Friday is finally here.
The only thing missing is a flashback. And with a certain low-budget, independent film now in theaters, it seems fitting to feature a movie trailer about a story that takes place in the future, yet is simultaneously defined by the past.
Ready Player One is now playing in movie theaters.
P.S. Steven Spielberg has done it again!
The primary questions involving movie sequels to popular, well-received originals are:
Will they be fantastic? Will the sequel be a storytelling, cinematic beast in its own right? How about a little of both?
The 2016 Fantastic Beasts and Where to Find Them film adaptation of the book of the same title is the grown-up version of J.K. Rowling’s Harry Potter series (books and movies). This new teaser trailer solidifies that dynamic while using the wizarding school of Hogwarts and one of its most prominent figures just enough to firmly connect the two virtually separate universes for fans young and old for what should be a great reveal later this year.
What’s impressive in the video above is that one of writer J.K. Rowling’s favorite directors, David Yates, appears to have taken the Crimes of Grindelwald story to the next-level. And what’s more is that this Fantastic Beasts sequel looks, yes, better than the original in this burgeoning series. Could this really happen? A movie in the modern era with a sequel better than the original?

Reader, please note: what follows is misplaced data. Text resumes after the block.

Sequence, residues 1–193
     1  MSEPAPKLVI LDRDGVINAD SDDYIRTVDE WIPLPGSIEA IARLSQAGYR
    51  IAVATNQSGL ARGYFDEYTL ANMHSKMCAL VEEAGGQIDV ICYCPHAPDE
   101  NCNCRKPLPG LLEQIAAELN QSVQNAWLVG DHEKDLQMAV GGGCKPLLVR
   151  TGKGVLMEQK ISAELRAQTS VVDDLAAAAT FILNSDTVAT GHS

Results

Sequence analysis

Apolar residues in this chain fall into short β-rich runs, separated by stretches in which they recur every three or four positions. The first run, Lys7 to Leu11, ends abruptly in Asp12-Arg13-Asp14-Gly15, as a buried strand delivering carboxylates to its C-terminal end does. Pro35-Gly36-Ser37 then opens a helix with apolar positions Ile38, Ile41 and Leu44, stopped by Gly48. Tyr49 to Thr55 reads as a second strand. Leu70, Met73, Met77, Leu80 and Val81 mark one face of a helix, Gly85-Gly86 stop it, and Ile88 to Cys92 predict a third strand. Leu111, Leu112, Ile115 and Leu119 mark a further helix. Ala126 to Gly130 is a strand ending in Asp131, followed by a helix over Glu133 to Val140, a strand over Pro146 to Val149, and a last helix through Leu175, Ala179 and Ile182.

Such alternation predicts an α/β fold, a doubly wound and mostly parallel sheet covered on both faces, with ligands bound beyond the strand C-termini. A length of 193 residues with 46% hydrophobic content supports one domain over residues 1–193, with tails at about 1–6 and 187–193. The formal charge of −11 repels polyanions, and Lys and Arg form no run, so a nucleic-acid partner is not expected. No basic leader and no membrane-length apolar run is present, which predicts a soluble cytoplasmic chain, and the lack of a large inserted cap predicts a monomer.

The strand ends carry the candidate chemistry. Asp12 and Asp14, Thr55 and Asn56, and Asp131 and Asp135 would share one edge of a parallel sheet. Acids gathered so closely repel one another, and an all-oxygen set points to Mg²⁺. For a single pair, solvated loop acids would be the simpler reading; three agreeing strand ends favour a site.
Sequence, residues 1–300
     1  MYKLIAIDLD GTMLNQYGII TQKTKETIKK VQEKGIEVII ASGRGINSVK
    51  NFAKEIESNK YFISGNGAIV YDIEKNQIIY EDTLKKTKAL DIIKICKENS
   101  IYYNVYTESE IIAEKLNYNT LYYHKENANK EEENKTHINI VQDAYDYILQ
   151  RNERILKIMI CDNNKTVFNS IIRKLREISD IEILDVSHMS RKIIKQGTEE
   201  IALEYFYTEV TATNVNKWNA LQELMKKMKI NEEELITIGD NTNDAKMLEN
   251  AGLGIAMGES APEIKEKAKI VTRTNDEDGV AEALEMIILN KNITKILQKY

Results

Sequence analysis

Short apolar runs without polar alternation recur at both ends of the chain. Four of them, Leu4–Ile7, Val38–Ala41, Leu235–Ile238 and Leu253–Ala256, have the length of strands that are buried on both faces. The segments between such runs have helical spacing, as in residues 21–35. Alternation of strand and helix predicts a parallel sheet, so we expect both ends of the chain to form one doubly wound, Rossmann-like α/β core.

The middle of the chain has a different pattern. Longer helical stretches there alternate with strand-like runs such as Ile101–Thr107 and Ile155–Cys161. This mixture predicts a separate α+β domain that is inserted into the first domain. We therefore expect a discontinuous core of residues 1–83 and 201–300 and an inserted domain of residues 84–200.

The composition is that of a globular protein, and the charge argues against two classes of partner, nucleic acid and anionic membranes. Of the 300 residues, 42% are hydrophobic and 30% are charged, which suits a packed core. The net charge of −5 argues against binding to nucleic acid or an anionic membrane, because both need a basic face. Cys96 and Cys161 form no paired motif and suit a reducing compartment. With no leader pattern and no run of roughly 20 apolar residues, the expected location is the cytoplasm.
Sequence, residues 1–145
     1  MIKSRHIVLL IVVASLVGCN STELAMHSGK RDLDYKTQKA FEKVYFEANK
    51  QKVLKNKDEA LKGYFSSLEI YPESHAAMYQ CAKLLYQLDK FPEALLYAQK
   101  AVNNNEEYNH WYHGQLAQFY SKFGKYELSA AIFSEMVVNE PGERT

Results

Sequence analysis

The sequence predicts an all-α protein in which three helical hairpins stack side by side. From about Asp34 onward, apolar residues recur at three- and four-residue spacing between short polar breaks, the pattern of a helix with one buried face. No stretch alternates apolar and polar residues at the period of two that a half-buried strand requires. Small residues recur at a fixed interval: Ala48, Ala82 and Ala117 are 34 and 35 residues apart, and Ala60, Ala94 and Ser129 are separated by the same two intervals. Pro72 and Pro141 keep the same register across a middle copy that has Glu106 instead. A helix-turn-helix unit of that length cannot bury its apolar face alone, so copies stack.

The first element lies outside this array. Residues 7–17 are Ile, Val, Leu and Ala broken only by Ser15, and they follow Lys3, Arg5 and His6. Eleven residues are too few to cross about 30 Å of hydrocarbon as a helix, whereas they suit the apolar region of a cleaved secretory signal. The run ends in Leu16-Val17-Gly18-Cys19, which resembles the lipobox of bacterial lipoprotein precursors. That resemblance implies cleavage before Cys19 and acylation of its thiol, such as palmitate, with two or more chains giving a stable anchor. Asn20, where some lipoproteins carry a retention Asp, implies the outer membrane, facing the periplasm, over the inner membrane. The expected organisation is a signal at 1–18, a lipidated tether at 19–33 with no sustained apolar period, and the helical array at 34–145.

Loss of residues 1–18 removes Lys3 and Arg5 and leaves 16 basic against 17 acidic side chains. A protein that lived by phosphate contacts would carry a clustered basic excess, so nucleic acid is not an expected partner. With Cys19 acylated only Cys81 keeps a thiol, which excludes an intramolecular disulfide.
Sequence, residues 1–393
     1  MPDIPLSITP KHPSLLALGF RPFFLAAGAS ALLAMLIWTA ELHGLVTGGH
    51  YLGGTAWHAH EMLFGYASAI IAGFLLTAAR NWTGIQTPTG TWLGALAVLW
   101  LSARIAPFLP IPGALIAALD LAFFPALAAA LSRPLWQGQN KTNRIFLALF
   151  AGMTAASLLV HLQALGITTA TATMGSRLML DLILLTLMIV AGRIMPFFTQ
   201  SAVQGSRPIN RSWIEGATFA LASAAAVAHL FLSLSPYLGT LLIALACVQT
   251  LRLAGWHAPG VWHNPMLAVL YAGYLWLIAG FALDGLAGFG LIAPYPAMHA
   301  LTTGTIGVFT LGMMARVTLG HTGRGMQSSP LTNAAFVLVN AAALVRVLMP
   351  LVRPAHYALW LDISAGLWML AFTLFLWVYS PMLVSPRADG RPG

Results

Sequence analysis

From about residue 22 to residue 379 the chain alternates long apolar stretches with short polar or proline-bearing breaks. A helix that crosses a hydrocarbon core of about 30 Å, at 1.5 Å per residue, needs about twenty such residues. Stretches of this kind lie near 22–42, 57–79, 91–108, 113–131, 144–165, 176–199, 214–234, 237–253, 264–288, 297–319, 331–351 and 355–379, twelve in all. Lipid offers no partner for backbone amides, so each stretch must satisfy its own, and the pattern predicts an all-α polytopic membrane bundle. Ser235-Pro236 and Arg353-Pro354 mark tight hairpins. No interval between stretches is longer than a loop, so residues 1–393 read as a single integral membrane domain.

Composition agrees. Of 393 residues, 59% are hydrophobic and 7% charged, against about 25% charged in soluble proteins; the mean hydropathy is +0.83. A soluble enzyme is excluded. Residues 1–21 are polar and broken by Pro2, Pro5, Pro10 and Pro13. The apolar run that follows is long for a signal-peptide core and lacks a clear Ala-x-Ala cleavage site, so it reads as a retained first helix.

That could be the real magic of Fantastic Beasts: The Crimes of Grindelwald when it arrives in theaters on November 16.
“…on this day in 2006, the company that brought the world the blockbuster hits Toy Story (1995), A Bug’s Life (1998), Monsters, Inc. (2001), Finding Nemo (2003) and The Incredibles (2004) was sold to the Walt Disney Company, their longtime distributor, for a staggering $7.4 billion.”
–Walt Disney announces $7.4 billion purchase of Pixar, History.com
Pixar is an ever-evolving, multi-generational animation game-changer for both in short & feature films. This animation studio, part of Walt Disney, has produced some of the greatest animated movies of all-time. Not all, of course. Let’s not be hyperbolic with no memory of the illustrious past in this industry. However, Pixar’s uniquely subtle style for five to six-minute shorts is something to marvel at with a great deal of satisfaction and happiness.
Bet you didn’t expect that director commentary in the middle of an analysis of Pixar’s animated storytelling techniques. It changes the way you view the whole video, right?
Just call it the eternal magic of movies, real and imagined.